Sharon and his top aides have been laying the groundwork for ending the government's so-called restraint policy. Holding off major military retaliation for the ongoing attacks has won Sharon points in the international arena but has drawn blistering condemnation from the Israeli right wing and from Jewish settlers, who feel most under siege.
"Israel's patience is running out," Israeli President Moshe Katsav said Sunday after Sharon left. "The prime minister's trip to the United States is the last chance to reach a dialogue with the Palestinians."
The Palestinians, meanwhile, are looking to Powell's arrival in the region this week with dim hopes of forcing Israel to begin negotiating political issues, such as a freeze on Jewish settlements in the West Bank and Gaza, before all violence ceases. Bush has thus far supported the Israeli position, but some U.S. officials think Sharon's insistence on a 10-day period of "complete quiet" followed by a six-week "cooling-off period" before any political negotiations can resume may be unrealistic.
Arafat, attempting to curry sympathy from an Israeli public that generally loathes him, held an extraordinary meeting with six Israeli journalists Friday. In their published accounts Sunday, the journalists described an alert leader who said he would arrest known troublemakers and was trying to obey the cease-fire but who generally blamed Israel for all violence.
For Sharon, his second invitation to the White House since his election in February is a small coup. Arafat, in contrast to his frequent visits during the Clinton presidency, has yet to be asked to meet Bush.
"Prime Minister Ariel Sharon is going to the U.S. today to cut out some diplomatic coupons," Israeli commentator Hemi Shalev wrote Sunday in the Maariv daily. "Once a suspect politician, now a potential diplomat. Sharon has been yearning for this all his life, and no one can take it away from him."
Yet Sharon never fully escapes his past. On the eve of his trip, the New York-based Human Rights Watch called for a criminal investigation of Sharon's role in the massacre of hundreds of Palestinian civilians in two Lebanese refugee camps 19 years ago.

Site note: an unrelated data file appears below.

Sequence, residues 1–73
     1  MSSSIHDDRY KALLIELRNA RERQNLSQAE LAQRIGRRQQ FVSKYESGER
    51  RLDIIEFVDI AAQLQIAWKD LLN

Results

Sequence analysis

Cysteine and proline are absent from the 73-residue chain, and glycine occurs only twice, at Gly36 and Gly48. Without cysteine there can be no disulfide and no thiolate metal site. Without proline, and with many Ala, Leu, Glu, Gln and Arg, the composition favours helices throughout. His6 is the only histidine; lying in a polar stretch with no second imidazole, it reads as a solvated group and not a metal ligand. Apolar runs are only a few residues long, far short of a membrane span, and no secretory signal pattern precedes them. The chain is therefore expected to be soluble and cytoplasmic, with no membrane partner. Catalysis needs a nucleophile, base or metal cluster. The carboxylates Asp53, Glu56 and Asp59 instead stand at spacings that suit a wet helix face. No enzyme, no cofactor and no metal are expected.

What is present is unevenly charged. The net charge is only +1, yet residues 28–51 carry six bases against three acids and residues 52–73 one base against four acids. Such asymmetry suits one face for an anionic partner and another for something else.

The slaughter at the Sabra and Shatila camps outside Beirut, which were under the control of an Israeli invasion force at the time, cost Sharon his job as defense minister when an Israeli government investigation that year found him indirectly responsible. A new BBC documentary is being aired this month that reviews the facts of the case and asks whether Sharon could be indicted as a war criminal. And a group of survivors is attempting to sue Sharon in a Belgian court.
The BBC program contains gruesome footage of the mutilated bodies and includes an interview with Morris Draper, then Washington's special envoy to the Middle East, who says he implored Sharon to stop the killings, which were carried out over three days by Lebanese Christian militiamen allied with Israel.
Outrage Sparked by BBC Program
Numerous Israelis, including some who are not particularly sympathetic to Sharon, are voicing outrage at the program, which they claim is tendentious and timed to embarrass the prime minister. One legislator, saying Arafat is the "real war criminal," is attempting to open a legal case against the Palestinian leader. The BBC has declared it is legitimate to examine the record of a new prime minister, especially in view of strides made in the international prosecution of war crimes in Bosnia-Herzegovina, Rwanda and elsewhere.
Human Rights Watch noted that not a single individual was ever brought to justice for the Sabra and Shatila atrocities despite "abundant evidence that war crimes and crimes against humanity were committed on a wide scale."
Sharon has argued in the past that he could not have foreseen the massacre, a contention challenged by Draper and others, given the notorious enmity between Palestinians and the Lebanese militia, known as Phalangists.
Times staff writer Norman Kempster in Washington contributed to this report.